Parasite’s Oscar wins were a remarkable moment that could mean the film breakthrough for the so-called international ghetto, opening the door for Best Picture wins in years to come.

Parasite’s Oscar wins were a remarkable moment that could mean the film breakthrough for the so-called international ghetto, opening the door for Best Picture wins in years to come.

It hasn’t been long since Netflix took everyone by storm and started producing films that would be nominated for the prestigious film awards. But let’s forget about that for a moment, as this is all about something different; something historic.

Parasite’s extraordinary Oscar night triumph on Sunday, February 9, was the most radical event to occur at the ceremony in recent memory. And, let’s be honest, it was also the best thing that could have happened to the Academy Awards.

The four Oscars win for the South Korean film is also a thrilling development. The Academy has always been a moving target in the debate over diversity, lack of female representation as well as the all-too-familiar #OscarsSoWhite. This year it was great to see that they were saved from all that backlash (for now) thanks to the brilliance of a South Korean filmmaker. 

Director Bong Joon-ho talking about his film Parasite at a press conference. Republic of Korea/Flickr.

Parasite, the first foreign-language film to win the Best Picture award, has shown filmmakers from around the world something that no one could believe was true: films don’t have to be from an American or English-speaking culture to win the big prize.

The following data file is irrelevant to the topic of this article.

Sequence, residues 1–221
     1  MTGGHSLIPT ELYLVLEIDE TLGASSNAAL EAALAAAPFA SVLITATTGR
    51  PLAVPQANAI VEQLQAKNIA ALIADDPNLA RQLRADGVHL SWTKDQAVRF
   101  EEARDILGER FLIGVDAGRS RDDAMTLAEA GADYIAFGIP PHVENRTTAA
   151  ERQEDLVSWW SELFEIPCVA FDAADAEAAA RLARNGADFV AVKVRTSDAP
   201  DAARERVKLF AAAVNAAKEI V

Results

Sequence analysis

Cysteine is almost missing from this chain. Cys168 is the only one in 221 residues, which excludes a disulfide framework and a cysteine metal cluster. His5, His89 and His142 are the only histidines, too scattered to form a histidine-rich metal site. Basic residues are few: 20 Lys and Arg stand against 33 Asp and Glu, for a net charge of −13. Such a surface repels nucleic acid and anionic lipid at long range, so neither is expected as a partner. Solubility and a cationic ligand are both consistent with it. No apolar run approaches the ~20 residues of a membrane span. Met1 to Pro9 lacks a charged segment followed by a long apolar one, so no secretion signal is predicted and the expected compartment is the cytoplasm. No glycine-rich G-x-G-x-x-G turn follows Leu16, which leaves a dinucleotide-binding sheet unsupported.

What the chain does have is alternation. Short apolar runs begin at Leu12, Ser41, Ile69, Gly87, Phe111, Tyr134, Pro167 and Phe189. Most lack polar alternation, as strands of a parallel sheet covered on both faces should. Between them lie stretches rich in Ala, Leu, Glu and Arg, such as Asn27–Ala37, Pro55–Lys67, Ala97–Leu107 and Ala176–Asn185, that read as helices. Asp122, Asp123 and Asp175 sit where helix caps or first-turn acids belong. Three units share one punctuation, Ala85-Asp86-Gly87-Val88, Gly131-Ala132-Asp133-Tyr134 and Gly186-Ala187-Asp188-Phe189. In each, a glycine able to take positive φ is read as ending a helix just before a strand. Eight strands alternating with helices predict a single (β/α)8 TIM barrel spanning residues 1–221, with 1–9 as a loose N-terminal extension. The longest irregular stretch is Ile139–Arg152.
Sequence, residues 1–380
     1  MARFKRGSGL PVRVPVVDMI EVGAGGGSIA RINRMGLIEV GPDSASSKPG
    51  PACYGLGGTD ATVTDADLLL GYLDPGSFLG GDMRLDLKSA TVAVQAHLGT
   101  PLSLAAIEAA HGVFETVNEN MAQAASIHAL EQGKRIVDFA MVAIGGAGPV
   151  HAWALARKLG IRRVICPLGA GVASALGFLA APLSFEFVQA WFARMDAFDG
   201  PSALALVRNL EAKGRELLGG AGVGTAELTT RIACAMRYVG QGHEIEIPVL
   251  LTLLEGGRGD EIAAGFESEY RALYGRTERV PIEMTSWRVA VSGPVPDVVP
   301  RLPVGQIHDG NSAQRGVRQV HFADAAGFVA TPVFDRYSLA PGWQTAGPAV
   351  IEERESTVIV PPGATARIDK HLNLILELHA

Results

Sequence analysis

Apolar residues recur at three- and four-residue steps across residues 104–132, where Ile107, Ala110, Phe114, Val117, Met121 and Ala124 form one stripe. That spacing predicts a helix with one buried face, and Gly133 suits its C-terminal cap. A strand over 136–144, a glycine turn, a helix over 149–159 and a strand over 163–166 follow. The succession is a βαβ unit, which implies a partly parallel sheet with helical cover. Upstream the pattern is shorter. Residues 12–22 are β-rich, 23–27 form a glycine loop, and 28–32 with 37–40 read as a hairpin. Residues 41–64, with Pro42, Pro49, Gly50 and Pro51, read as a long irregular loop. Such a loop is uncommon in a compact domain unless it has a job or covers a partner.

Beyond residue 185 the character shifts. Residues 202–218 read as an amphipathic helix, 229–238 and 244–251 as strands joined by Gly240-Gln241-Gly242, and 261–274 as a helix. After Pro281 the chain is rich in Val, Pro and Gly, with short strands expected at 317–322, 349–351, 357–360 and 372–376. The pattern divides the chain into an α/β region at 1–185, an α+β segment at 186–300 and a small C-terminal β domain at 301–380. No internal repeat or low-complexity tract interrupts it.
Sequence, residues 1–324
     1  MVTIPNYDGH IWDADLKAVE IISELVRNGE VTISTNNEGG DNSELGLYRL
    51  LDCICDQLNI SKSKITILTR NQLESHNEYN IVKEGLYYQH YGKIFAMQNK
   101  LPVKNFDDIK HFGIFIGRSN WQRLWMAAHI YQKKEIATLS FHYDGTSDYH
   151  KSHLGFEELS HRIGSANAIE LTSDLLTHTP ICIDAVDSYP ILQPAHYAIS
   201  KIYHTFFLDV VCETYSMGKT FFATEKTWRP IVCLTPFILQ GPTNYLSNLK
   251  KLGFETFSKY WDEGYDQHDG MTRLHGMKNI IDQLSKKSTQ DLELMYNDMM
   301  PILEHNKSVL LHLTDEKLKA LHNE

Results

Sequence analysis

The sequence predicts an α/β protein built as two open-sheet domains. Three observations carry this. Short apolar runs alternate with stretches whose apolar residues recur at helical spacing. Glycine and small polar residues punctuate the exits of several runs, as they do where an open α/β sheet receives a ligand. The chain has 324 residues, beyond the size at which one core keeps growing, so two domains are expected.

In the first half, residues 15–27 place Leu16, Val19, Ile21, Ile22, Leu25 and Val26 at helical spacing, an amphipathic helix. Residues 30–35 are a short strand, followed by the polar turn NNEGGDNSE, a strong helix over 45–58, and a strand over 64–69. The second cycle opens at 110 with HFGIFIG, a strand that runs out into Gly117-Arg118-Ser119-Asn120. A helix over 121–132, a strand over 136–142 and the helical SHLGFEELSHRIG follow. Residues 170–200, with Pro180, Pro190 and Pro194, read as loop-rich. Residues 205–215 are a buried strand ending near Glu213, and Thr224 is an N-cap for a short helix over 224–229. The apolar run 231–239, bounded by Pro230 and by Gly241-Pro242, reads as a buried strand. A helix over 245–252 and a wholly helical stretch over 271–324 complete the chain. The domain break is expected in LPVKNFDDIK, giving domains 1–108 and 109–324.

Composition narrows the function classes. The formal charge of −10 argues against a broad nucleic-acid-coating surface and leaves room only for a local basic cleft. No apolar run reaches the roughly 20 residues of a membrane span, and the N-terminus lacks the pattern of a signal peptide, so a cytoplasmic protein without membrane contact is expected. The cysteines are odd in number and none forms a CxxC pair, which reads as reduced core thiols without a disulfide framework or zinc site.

“In the environment that we currently live in, I think we’re all connected,” director Bong Joon-ho said, who still couldn’t believe what had just happened. “If we pursue the beauty of cinema and focus on the individual charms that each piece has then, I think, we will naturally overcome these barriers.”

In the end, the Academy can only nominate what it is presented with. The broader industry needs to do better to support inclusion too. Bong has done his part. Now, it’s up to filmmakers from around the world to continue to be bold in their storytelling, for USA distributors to be bolder and for the Academy’s voting members to let new stories like this succeeding as long as audiences want them to.

Pablo Lario
BA Journalism

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